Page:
Delegates packed out a vital fringe meeting on the need for a New Deal for Workers in Brighton during TUC Congress on Tuesday, hosted by the Institute of Employment Rights (IER) and the Campaign for Trade Union Freedom (CTUF), and chaired by Sarah Woolley of the BFAWU and CTUF.
The event was also marking the fiftieth anniversary of the Pentonville 5, with different speakers effectively linking the lessons of those historical disputes with the deepening class struggles of today.
The event was opened by Professor Keith Ewing who highlighted the importance of putting pressure on Keir Starmer to implement a pro-union agenda – including the New Deal for Workers agreed by the 2021 Labour Conference – if he wins a future election, cautioning the example of how Blair and Brown’s Government didn’t repeal anti-union laws the Tories had introduced.
Next speaker Dr. Jo Grady, UCU General Secretary, emphasised that if we are to deliver real change, we must rely on our own strength and organising up and down the country, including in terms of defeating the upcoming anti-union laws.
Delegates cheered as she closed her speech by urging all unions and community groups to back all those “rising up” at this important moment, including upcoming RMT, CWU and UCU strikes.
Lord John Hendy QC focused much of his contribution on the importance of strong trade unionism and collective bargaining in terms of exercising collective strength and defending living standards.
Since a peak of 85% of Workers covered by collective bargaining in 1979, collective bargaining now stands at only 23%.
To change this now means we “have to reverse the changes that brought about the destruction of collective bargaining,” including through the repeal of the anti-union laws.
Moving forward, we need to link up all fronts “in the battle against capitalism,” joining together in solidarity to resist the ruling class offensive.
RMT General Secretary Mick Lynch then received rapturous applause as he explained all politicians need to make it clear “what side you’re on” in the battles ahead – the simple equation is whether you’re on the side of the workers or the bosses.
The Tories may be in crisis but they “have us in their sights,” and are seeking to stop the revival in confidence of working people in resisting austerity, including through even more anti-union laws.
This means “we need to call for the repeal of all the anti-union laws… Every single one of them,” and be clear that what we want now is a bill of rights for workers and a real new deal for workers that gives positive rights across the board.
General Federation of Trade Unions (GFTU) General Secretary Doug Nicholls gave an important historical outline of the attacks on working people and their rights since the 1970s, and linked this to those who represent finance capital today and are now seeking to even further destroy our communities, with an inevitable new wave of cuts coming.
A new deal for workers must also be a new deal for our communities and the country as a whole.
Part of winning this must be a new wave of labour movement political education. Trade unions must again “be schools for socialism.” And they must work permanently in alliance with those organising in our communities, and for social action.
And we must oppose those Tories who are “beating the war drums” against China in particular in a bid to district from their disastrous failures and the deepening crisis.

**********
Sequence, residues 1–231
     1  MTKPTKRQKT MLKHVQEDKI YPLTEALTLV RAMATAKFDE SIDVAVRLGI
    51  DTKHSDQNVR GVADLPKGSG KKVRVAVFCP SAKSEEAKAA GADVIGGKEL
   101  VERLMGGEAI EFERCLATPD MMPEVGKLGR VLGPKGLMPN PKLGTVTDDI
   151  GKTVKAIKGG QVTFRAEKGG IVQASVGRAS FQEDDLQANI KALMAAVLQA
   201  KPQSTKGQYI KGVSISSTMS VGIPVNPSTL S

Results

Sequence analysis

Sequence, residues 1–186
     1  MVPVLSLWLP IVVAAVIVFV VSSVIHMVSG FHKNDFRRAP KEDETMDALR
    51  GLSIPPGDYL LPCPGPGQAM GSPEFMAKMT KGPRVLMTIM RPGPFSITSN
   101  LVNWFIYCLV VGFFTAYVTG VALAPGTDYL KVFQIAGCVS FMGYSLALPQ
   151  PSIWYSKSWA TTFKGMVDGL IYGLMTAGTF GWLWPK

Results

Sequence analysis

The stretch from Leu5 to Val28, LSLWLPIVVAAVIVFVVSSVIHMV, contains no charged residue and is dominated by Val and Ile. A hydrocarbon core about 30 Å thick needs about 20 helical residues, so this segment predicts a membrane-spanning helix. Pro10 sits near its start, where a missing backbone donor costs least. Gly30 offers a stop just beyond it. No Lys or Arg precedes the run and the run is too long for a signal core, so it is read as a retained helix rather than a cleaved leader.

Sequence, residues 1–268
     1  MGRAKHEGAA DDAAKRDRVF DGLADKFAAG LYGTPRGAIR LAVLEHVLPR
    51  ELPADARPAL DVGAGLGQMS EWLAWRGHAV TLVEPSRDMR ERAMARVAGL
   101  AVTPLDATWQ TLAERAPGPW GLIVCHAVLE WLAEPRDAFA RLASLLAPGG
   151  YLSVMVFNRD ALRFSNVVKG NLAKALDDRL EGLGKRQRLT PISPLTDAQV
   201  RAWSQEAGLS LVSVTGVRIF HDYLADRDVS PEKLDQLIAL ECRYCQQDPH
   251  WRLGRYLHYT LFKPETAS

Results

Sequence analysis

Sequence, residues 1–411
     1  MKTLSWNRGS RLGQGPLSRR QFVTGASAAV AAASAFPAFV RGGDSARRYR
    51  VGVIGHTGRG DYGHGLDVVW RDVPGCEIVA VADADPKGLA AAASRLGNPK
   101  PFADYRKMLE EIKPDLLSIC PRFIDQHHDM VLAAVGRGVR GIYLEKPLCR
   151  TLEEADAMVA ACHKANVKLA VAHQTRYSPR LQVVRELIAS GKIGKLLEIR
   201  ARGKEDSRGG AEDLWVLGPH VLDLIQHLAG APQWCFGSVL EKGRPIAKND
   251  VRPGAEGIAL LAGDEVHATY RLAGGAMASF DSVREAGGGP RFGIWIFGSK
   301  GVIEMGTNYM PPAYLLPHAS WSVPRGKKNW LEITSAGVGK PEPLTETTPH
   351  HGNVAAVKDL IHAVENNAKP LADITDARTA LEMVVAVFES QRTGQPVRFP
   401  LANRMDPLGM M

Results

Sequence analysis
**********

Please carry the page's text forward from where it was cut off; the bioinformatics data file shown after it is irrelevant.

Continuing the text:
PCS General Secretary Mark Serwotka focused on the important theme of learning the lessons of recent decades, including victories and defeats our movement has faced.
In terms of the period of austerity so far, he argued that we have to be honest and say that we have failed to effectively challenge the Tories enough and win big disputes that could make a societal shift.
“We are at a turning point. We are at a moment when everything could change… when victories for union members can become victories for us all.”
The Tories know how high the stakes are, which is why they want to shackle us with even more anti-union laws.
This means we must go on the front foot, not only seeking to defeat the Tories, but building a different society.
Closing the fringe, Justice for Grenfell campaigner Yvette Williams joined others in paying tribute to Carolyn Jones of the IER, whose much-deserved retirement party followed the event, and then made a vital contribution outlining what solidarity means and why it matters so much.
“We need to organise ourselves in a constructive way” and inclusively, not least because our enemies are organised and gang up together to not only defend their class, profits and privileges, but to demonise struggling workers and criminalise them through anti-union laws.
To win real change and be effectively organised, we all have a duty to understand “anti-racism as a verb, not a noun” and recognise the disproportionate effects Tory attacks are having on black and minority ethnic workers.
She concluded by saying let’s be unified, never give up and fight to win.
Heading out of the event, people speaking to this correspondent were enthused to build on the summer of solidarity by campaigning for free trade unions and real change.
As Mark Serwotka said at the event, “There is a world to win.. let’s make sure we win it!”
The 50 Years after the Pentonville Five – Now is the Time for a New Deal for Workers event was organised by the Institute of Employment Rights and Campaign for Trade Union Freedom on Tuesday October 18 at #TUC2022.
This report was first published on the Labour Outlook website.